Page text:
I agree with you on all of this, and hope Elektron can see the inherent unreasonability of requiring online DRM over and over for high-end performance instruments. My sense is that lots of people with a dedicated music production computer don’t want it online all the time–but the bigger problem would be getting to the gig, setting up, and then not being able to perform your set because the wifi is down…
To me, since it’s clear they’re doing it, that approach seems like the only way to do it that makes sense. Roland’s like that too with the System-1m, a one-time process, and I can’t think of another method that wouldn’t run the risk of crippling functionality in a way that would make the gear unreliable. I mean, if the Internet is the dongle, that’s not fair to the gear, let alone the user…
yeah that was mentioned.
Pretty sure if you sell on a device, the next person will be able to continue OB Premium.
Thought that there must be some internet authentication handshake once to unlock premium.
But actually if they do it right, all you need is some unlock code from them which is an encrypted version of your device serial number. The app will only need to compare the actual hardware serial from the USB device with the serial embedded in that code. It’s easy and yeah, if done right, relatively safe.
In almost every case you can run 2 at the same me time.
And in case of OB, running 2 instances if I have two of the same machines should be possible. At least I imagine it would
Yea, I don’t think it will check the machine’s serial in some database online but actually change something in the machine itself. Elektron can easily change a bit inside the machine somewhere from 0 to 1 to indicate it’s unlocked.
think J1 is a debug port of sorts - the analogs have that too. CPU is the same as Rytm.
The interesting chip is the audio codec: http://www.akm.com/akm/en/product/datasheet1/?partno=AK4621EF
The AK4621 is a high performance 24-bit CODEC that supports up to 192kHz recording and playback. The on-board analog-to-digital converter has a high dynamic range due to AKM’s Enhanced Dual-Bit architecture. The DAC utilizes AKM’s Advanced Multi-Bit architecture that achieves low out-of-band noise and high jitter tolerance through the use of Switched Capacitor Filter (SCF) technology. The AK4621 is ideal for Pro Audio sound cards, Digital Audio Workstations, DVD-R, hard disk, CD-R recording/playback systems, and musical instrument recording.
J1 could be debug, but what’s the sense of having one on every production machine? Usually you only need debug on your development lab box, and at most a production machine would have an unsoldered place for a connector. It’s 26 pins which does correspond to the BDM debug connector for the Coldfire processor though. I realize it’s not an enormous expense, sometimes you’d leave that sort of connector on for the very early run. Likely it’s used for manufacture test and perhaps startup/burn in, not debug. That would make more sense, and that would be my guess.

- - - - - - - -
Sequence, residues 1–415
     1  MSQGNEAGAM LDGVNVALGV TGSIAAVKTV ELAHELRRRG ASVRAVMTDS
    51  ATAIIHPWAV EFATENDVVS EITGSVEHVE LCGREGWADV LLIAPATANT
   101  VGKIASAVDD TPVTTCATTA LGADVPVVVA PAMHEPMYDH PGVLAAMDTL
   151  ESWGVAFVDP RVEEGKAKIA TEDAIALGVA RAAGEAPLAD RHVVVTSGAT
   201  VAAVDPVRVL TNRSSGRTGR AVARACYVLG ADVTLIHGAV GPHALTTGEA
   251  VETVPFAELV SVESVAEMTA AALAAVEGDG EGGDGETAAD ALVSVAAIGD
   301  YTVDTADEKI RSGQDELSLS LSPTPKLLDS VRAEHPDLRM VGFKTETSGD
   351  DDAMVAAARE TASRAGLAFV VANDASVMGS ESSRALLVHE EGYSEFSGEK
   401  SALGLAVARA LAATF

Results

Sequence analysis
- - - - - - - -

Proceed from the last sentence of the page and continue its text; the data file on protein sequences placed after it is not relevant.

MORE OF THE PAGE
I’d so much more like to dream it’s some magic mysterious expansion connector though. Actually a factory test connector often does have some interesting signals, and if this is the BDM then it’s got a spec
A Coldfire processor, hmmm, the Digitakt would be awful fun to hack, and at $650 worst case loss i could see doing that. I assume it would be pretty easy to open up the download OS too now that we know it’s a Coldfire processor, and hack it without opening the box.
Yay. I couldn’t figure out how on Earth I loved the Digitakt buttons so much…and it’s because I’ve spent thousands of hours typing on the same buttons.
Eh? I said almost… I can name more than a few wher eyou can run 2 at the same time. Dunno what the point of this discussion is though…
I like how the encoders on the DT are not encoders
source level debugging
Not that one specifically, i’ve not worked with Coldfire in years, but this is really tempting.
Thanks Joshua – it’s added to my Elektron links.
Not every factory sample is loaded in the preset project.
This is probably in this thread already, but
How are overlapping MIDI notes handled? On the OT, any new MIDI trig will ‘cancel out’ any currently playing MIDI notes, which kinda sounds like voice stealing on sounds with short release. For example:
trig 1 = 4 note chord with a LEN of 16
trig 5 = 1 note with a LEN of whatever
trig 5 will cause a note-off event for all the notes from trig 1
Doe the DT also behave this way or can you have overlapping MIDI note events? In the example above, this would mean that the note on trig 5 is just added to the note stack from trig 1 instead of just cutting them off.
I don’t believe we’ll reach 10 000 posts today.
Currently the way the DT responds to all midi notes is by freezing.
I have recently watched the Digitakt sonicstate video and I was interested by the pattern change feature that permit to keep mute tracks as you programmed.
I would like to know if this feature is also available on AR or OT ?
Not on OT (don’t think AR either). Pretty nice live performance friendly feature, as the man says.
It’s pretty nice to save the initial mute state in the pattern. Any changes can be discarded with “Reload Pattern”.